How to pay off your overdraft

Whether you are regularly going into the red every month or have been stuck in an overdraft rut for some time, there are ways to tackle this head-on. We look at how you can pay off your overdraft for good.

Updated on 18 May 2015.

man using laptop at home

If you find that you live most of the month in the recesses of your overdraft you may be paying upwards of 20% in interest, making this a very expensive form of borrowing, but there are ways for you to clear your balance and get out of your overdraft for good.

1. Find out exactly what you owe

You stand you should first find out what the current balance of your overdraft is. This way you will know how much you will need to find to pay off your overdraft.

For more information on the size and cost of your overdraft, have a look at our guide.

Compare Debt Management
You can compare the best debt management plans that will help you find the best advice and repayment plans so you can clear your debt.
Compare Debt Management

2. Set out your intentions

Clearing your overdraft, it is going to take some commitment to clearing your debt. That means cutting back on spending and potentially going without a few luxuries.

You will need to have a lot of will-power to deal with your debts effectively. So make sure you are ready for a long haul, it is a marathon, not a sprint but you can, and will do it!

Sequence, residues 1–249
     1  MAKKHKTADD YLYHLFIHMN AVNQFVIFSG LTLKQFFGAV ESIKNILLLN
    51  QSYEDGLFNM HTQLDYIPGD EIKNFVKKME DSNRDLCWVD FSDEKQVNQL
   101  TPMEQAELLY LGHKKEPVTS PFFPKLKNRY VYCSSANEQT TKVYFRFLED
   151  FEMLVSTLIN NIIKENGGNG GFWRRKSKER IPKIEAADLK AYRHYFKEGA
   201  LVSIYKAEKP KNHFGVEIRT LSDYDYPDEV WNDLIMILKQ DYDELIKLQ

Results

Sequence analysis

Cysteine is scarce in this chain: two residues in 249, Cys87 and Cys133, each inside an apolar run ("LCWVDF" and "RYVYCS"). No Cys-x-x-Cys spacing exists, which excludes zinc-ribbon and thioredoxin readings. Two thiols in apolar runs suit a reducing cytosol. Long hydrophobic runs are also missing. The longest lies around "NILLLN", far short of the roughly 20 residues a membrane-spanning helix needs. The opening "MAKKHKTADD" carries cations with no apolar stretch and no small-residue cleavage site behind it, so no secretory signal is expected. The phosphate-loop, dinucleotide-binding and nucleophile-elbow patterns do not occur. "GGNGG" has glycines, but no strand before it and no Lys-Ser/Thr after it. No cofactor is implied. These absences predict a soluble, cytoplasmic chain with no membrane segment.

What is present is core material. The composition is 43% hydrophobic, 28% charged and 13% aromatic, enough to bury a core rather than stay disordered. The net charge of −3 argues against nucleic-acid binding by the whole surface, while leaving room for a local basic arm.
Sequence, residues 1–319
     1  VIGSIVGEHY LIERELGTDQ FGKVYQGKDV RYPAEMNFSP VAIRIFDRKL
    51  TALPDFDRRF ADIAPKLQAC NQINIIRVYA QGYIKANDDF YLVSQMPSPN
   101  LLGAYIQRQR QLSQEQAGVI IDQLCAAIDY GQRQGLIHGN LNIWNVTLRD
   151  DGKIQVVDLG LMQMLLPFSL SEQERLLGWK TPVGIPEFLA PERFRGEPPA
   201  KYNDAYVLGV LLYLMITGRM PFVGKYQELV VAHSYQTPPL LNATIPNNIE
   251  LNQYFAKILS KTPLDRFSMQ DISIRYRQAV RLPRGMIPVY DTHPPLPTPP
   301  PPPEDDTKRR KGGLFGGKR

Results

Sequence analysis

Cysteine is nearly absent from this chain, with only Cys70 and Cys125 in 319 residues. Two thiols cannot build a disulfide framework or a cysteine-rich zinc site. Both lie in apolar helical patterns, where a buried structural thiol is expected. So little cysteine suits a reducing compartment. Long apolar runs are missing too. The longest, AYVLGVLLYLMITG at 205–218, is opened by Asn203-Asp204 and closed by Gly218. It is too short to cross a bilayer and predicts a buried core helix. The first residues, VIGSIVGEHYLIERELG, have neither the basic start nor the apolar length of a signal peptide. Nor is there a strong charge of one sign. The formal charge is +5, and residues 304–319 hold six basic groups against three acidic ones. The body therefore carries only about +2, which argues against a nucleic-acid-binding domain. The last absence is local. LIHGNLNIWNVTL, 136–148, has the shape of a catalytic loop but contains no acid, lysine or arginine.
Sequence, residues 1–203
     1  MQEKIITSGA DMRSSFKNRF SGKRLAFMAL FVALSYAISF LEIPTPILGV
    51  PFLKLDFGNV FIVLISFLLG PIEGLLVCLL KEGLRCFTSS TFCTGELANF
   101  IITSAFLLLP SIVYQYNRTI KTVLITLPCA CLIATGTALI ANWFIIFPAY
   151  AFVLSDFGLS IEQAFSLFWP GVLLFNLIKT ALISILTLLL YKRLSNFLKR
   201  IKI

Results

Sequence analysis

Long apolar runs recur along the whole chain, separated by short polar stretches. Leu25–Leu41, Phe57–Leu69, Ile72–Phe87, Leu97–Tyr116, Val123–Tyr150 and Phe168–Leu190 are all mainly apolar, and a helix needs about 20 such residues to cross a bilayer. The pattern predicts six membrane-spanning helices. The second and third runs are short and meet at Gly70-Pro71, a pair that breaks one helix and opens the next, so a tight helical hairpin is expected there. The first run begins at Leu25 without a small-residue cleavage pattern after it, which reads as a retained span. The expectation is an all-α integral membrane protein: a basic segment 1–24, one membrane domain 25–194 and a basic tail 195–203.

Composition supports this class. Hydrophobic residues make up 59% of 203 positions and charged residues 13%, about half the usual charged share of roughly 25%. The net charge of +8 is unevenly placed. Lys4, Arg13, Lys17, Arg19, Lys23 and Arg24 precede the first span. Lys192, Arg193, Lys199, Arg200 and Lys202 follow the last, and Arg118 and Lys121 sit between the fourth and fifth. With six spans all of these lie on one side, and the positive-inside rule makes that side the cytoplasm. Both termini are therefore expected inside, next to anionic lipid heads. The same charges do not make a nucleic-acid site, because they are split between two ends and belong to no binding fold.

3. Get some support

It is not always easy disclosing your financial problems with others, but try to share your plans with family and friends who you think will be supportive.

If you would prefer to seek professional assistance, you can speak to Citizens Advice Bureau, or the StepChange Debt Charity, alternatively you can read our useful guide that covers all the avenues of hope you can try.

4. Take action

Once you have all the facts in place, it is time for you to start tackling your overdraft debt head on, consider the following options in this guide to support you.

Move to an interest-free overdraft

It is possible to move your negative overdraft balance to a current account with an interest-free overdraft. Doing so means you will cut out a large interest bill on your account. For example: A balance of 1,000 in an overdraft with an interest rate of 19.9% would mean you are adding 199 per year to your borrowing.

Check out our interest-free overdraft comparison to see the latest deals, and when you are ready check out our guide to find out how you can switch.

If you struggle to find a provider that will accept you, you might consider opening a second stand-alone account. Our guide goes through what you would need to do.

Move your debt to a 0% money transfer credit card

Most 0% money transfer credit cards will offer you an interest-free money transfer period for a set term, in which time you can use all your resources to pay off the debt without the sting of accruing interest. A few things you need to be aware of before switching:
  • Handling fees: Most 0% money transfer credit cards will apply a handling fee at around 3%, though this may cost less than your overdraft charges overall
  • Interest-free period ending: When your deal ends, the account will revert to the lender's standard rate - which could mean you end up paying much more than before

Check our 0% money transfer credit card comparison for the best deals to make sure that your hard work into paying off your debt would not have been in vain.

Consider a low rate personal loan

If you are paying extortionate overdraft interest rates paying it off with a personal loan could save you in the long run.